Think about the business model that we defined in our example above. The lower-level services that you use, those defined by the Java JDK, know nothing about our account. The account uses JDK library classes like String. If the interface of the JDK changes, then you've got to move Account to change with it. The Account, on the other hand, knows nothing about the DAO layer. The Account DAO layer that saves and loads an account is a client of the Account.

Most people think about interfaces as two equal operators, like two people shaking hands with presumably the same equipment. Usually, that's not the case. Most interfaces impose a direction. One layer presents an interface, and the others use it. Your interface should simultaneously provide complete services to the consuming layer while protecting the inner workings of the presenting layer.

In general, you'd like your layers to observe a strict hierarchy. Lower-level layers should not have direct knowledge of higher-level layers. Peer relationships can be especially troublesome, and deserve strict attention.

3.3.2.1 A word about good interfaces

You can make your layers much more effective if you concentrate on building a good interface around them. An interface bears some resemblance to food: everyone knows when it's good and when it's not, although not everyone will agree; it also takes whole lot more skill to make it right than to consume it. You could write a whole book on interfaces and still not say everything that needs to be said, but here are some guidelines for good interfaces. They should be:

Complete

You should be able to use your layer to do everything that you need to do through your interface. Everything doesn't need to be easy, but everything does need to be available.

Compact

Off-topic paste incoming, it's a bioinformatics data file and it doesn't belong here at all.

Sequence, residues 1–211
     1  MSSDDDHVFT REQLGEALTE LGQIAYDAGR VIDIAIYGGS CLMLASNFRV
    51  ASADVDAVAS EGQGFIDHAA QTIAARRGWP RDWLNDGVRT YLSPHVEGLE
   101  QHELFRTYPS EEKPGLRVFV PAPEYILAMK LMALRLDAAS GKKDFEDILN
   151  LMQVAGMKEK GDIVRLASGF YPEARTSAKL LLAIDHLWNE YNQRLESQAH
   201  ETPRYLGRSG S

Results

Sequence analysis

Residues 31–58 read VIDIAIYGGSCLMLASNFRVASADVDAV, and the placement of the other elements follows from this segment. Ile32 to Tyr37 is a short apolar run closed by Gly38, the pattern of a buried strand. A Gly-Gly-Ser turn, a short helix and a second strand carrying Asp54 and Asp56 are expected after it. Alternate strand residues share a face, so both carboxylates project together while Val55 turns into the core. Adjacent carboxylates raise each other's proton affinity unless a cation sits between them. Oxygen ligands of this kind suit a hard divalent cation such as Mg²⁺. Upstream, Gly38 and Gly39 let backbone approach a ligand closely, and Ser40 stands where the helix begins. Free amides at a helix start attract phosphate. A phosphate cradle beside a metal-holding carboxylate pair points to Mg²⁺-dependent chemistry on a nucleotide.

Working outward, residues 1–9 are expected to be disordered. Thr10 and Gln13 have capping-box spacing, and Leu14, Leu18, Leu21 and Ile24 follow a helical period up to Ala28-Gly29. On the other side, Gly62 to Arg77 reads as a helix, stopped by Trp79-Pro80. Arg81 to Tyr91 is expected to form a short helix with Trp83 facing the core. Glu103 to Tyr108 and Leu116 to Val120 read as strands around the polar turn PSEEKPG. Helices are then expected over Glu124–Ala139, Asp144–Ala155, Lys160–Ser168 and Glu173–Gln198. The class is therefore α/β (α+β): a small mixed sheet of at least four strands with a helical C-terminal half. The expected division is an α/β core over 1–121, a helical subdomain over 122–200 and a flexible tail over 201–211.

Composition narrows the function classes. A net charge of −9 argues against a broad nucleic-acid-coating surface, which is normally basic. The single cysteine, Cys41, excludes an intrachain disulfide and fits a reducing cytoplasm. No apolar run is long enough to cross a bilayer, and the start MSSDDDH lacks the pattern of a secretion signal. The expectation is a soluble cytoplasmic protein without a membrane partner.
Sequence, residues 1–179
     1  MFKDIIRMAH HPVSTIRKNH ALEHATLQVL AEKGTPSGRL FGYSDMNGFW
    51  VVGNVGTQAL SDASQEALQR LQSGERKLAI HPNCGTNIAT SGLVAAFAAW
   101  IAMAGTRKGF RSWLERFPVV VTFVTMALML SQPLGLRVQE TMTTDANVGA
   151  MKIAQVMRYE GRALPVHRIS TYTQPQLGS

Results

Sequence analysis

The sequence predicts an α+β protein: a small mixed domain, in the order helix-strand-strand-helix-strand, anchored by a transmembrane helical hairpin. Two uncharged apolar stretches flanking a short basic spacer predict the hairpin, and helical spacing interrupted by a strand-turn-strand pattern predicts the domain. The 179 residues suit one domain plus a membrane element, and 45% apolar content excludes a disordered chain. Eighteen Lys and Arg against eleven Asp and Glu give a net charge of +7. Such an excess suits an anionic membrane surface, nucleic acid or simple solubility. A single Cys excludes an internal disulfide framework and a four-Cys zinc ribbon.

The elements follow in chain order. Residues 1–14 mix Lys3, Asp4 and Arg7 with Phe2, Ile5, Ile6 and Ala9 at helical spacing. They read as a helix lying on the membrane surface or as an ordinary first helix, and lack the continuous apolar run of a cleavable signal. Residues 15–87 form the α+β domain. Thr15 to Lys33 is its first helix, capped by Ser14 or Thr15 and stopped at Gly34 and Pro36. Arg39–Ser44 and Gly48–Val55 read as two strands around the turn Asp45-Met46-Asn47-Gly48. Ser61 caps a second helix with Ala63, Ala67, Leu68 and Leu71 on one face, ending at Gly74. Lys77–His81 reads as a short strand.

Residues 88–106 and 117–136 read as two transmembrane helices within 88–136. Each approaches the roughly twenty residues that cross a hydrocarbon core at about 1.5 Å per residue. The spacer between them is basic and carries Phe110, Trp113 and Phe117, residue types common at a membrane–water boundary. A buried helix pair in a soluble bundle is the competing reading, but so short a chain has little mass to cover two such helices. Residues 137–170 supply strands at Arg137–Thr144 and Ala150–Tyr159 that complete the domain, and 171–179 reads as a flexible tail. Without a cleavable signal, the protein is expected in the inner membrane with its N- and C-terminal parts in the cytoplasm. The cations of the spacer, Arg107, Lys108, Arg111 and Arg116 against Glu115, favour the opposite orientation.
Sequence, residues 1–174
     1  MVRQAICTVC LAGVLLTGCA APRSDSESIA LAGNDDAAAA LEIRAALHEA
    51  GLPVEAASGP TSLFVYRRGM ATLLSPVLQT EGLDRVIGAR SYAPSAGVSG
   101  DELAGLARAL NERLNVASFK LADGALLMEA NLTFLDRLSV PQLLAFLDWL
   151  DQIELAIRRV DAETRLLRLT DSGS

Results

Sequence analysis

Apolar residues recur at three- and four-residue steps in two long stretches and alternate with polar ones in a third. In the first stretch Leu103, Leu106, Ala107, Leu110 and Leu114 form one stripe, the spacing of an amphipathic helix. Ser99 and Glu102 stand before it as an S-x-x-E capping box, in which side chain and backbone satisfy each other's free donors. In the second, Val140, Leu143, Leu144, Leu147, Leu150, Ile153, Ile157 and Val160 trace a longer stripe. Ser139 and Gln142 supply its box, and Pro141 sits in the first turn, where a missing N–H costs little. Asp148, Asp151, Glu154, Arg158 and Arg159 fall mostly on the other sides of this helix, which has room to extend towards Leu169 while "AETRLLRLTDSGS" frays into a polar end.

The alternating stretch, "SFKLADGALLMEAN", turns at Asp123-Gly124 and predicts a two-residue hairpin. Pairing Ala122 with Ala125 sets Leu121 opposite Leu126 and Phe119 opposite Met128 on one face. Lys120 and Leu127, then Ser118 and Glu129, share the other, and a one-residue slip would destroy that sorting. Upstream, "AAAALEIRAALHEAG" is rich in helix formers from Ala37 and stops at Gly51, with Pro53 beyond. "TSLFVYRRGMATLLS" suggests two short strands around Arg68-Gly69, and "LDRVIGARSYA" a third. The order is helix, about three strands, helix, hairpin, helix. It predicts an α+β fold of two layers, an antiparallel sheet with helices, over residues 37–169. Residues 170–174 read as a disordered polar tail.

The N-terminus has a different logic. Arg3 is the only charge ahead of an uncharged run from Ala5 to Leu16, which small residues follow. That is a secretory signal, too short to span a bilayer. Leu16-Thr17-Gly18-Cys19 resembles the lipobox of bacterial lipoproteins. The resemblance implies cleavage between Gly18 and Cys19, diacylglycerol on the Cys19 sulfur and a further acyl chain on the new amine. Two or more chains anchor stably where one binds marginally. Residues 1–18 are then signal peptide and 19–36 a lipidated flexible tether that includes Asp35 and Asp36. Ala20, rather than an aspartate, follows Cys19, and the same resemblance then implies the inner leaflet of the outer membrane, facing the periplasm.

Don't allow unnecessary duplication in your interface. When you duplicate, you're more prone to error, and you create additional maintenance burdens. Don't build in future requirements until you need them; don't add too many convenience methods; don't expose private methods.

Convenient

It should make it easy to do the things that you do the most. Convenience and compactness are often at odds. You'll want to assure compactness first, then convenience. That doesn't mean that you can completely blow off convenience.

Hardened

An interface should protect you from incorrect usage. If a null value breaks your code, throw the appropriate exception.

Consistent and predictable

An interface should observe standards, and should do similar tasks in similar ways.

Well-factored

Often, a few smaller, more focused interfaces are better than one all-encompassing interface.

Interfaces can take many forms, but all should observe these basic principles. They apply to messaging models, distributed remote procedure calls, and basic method invocations, too. The need for good programming hygiene is magnified between major levels of your architecture. Two excellent books for good interface design are The Pragmatic Programmer by Andrew Hunt and David Thomas and Effective Java by Joshua Bloch, both published by Addison-Wesley.

3.3.3 Common Layers

In my classes, many of my students ask me what layers a Java application should have. I tell them that it depends on what you want to do. Java application architectures are converging around a common architecture in several critical places. In truth, many of those layers are unnecessary, or mandated by ineffective architectures like EJB CMP. In other places, certain effective layers, in the right circumstances, are beginning to emerge.

3.3.3.1 Business domain models

Some development shops are moving away from a classic business domain model. Frankly, for some applications (like those built to baby-sit big relational databases), I'd have to agree with their direction. When you're doing nothing but viewing and entering relational data, a full object-oriented model is overkill.

When you do have a legitimate need for an effective business model, it should usually be the center of your application. Build services and interfaces around that layer to persist, display, notify, and manipulate that model. The model is too important, and often too complex, to clutter with other detailsso transparency becomes extremely important.